Lethality issues. I like that. (I should, I just made it up). New York Police aren’t having problems shooting the wrong people (or simply shooting too much). They’re having “lethality issues.” Well, so is the U.S. Army. Not that you’d know it from their PR campaign. “The EPR replaces the lead slug with a copper slug,” the product manager for small caliber ammunition for the Program Executive Officer Ammunition tells dailycaller.com. “This makes the projectile environmentally-friendly, while still giving soldiers the performance capabilities they need on the battlefield. So far we have eliminated 1,994 metric tons of lead from 5.56 ammunition production.” Awesome! Only according to foxnews.com, back in 2005 . . .
Army officials acknowledged that the M855 “has not been providing the ‘stopping power’ the user would like at engagement ranges less than 150 yards,” according to a 2005 briefing, the Army Times reported [pay wall].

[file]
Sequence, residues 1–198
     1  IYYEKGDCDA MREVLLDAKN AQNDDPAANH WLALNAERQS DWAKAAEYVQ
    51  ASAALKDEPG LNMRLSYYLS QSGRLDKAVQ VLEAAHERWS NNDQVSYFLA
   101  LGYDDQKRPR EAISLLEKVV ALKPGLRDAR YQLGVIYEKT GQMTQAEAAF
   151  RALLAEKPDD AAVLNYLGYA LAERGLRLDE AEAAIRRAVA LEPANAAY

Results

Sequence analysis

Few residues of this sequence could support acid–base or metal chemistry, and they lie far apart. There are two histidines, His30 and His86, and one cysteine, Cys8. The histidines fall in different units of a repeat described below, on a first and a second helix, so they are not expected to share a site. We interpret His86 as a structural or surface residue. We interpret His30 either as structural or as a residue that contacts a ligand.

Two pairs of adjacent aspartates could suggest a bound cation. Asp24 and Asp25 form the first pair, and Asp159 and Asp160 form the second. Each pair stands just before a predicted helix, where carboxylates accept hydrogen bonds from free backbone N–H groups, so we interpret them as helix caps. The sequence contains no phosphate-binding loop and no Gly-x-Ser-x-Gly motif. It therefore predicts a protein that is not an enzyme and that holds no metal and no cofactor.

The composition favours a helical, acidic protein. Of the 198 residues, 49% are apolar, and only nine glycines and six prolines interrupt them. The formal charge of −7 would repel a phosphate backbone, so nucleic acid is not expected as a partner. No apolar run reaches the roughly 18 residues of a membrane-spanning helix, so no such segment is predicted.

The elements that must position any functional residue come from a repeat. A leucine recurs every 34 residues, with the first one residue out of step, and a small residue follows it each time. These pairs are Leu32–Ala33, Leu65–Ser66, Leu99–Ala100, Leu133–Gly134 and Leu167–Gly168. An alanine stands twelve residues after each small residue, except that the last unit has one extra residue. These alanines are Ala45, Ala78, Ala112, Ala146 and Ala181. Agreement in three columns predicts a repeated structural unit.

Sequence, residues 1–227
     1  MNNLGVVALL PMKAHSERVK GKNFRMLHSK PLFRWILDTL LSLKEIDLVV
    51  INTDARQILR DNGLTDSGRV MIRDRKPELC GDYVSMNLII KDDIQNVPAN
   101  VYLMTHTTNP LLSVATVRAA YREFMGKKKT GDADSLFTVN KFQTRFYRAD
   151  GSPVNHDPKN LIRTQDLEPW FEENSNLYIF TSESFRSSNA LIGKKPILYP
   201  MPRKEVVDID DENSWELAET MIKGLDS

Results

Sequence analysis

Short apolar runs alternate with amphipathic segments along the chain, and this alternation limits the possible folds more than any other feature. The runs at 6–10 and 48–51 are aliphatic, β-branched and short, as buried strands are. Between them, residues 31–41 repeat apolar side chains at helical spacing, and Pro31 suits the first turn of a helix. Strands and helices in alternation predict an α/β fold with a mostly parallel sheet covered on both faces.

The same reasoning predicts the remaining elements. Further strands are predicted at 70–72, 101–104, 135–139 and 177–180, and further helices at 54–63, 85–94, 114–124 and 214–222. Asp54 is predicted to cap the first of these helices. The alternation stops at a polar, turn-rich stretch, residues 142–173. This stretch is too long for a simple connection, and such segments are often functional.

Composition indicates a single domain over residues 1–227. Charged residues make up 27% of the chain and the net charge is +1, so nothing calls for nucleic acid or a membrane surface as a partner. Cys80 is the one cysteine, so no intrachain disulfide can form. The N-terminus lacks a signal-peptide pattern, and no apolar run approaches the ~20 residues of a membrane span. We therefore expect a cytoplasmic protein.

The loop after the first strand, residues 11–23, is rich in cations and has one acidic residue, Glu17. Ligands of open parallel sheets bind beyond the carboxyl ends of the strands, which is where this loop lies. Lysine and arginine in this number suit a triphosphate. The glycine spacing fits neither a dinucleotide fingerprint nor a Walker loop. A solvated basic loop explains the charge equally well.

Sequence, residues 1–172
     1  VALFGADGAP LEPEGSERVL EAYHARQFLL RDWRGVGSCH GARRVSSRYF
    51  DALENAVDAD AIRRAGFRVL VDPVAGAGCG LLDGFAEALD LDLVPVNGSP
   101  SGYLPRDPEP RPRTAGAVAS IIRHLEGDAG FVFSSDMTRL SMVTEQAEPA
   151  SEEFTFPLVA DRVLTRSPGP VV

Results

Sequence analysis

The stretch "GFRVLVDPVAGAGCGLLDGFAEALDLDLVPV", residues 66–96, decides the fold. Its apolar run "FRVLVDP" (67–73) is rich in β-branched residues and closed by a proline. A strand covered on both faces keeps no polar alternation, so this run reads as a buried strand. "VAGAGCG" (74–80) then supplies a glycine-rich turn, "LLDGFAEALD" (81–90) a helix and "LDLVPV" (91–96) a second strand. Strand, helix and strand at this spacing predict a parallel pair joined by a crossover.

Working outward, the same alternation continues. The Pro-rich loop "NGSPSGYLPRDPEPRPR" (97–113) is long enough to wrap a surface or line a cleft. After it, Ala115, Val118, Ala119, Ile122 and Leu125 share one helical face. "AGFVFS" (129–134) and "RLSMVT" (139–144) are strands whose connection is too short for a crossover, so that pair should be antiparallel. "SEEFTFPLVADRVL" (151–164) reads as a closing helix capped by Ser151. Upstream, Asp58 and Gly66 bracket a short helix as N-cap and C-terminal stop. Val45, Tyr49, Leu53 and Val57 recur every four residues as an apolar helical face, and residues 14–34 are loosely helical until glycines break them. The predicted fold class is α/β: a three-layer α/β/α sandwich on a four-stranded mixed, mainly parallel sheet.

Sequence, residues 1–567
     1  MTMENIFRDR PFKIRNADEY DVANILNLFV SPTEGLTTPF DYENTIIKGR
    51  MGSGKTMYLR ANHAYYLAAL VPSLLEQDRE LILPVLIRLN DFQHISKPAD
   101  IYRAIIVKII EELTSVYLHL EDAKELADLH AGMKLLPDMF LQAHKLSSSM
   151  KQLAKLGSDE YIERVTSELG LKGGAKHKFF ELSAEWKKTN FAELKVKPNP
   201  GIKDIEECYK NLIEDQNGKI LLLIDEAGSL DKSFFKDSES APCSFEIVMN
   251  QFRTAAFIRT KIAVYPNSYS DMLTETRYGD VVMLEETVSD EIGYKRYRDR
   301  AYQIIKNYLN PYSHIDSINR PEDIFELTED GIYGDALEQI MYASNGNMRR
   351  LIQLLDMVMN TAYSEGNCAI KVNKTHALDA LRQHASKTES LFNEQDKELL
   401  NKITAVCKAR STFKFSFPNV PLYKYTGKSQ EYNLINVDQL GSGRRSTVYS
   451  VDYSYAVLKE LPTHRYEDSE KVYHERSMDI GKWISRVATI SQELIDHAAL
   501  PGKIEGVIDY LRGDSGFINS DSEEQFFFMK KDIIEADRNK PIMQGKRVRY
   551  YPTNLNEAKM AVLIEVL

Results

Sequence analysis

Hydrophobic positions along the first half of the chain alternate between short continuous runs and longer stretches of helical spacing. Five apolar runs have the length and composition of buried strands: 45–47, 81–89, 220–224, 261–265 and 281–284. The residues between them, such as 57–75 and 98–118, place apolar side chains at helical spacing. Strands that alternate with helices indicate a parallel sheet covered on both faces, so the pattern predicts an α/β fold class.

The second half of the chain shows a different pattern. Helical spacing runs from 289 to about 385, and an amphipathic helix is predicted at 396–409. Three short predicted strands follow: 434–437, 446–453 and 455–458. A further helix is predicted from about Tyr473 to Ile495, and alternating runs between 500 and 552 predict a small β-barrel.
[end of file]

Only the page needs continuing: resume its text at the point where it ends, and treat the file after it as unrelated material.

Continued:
But ballistics experts point out no bullet is perfect; the new rounds won’t be substantially more deadly, in other words.
“There is not a bullet in this world that will do that,” Dr. Martin Fackler, former director of the Wound Ballistics Laboratory at the Letterman Army Institute of Research — who also served in the Vietnam War as a combat surgeon — told the Army Times. “Even if you take the guy’s heart apart, he can still shoot back at you for 15 seconds because he’s still got enough oxygen in the blood in his brain to do it.”
Old news. But the question remains: is the new, greener round as deadly as the non-PC ammo? [h/t AWR Hawkins at ammoland.com].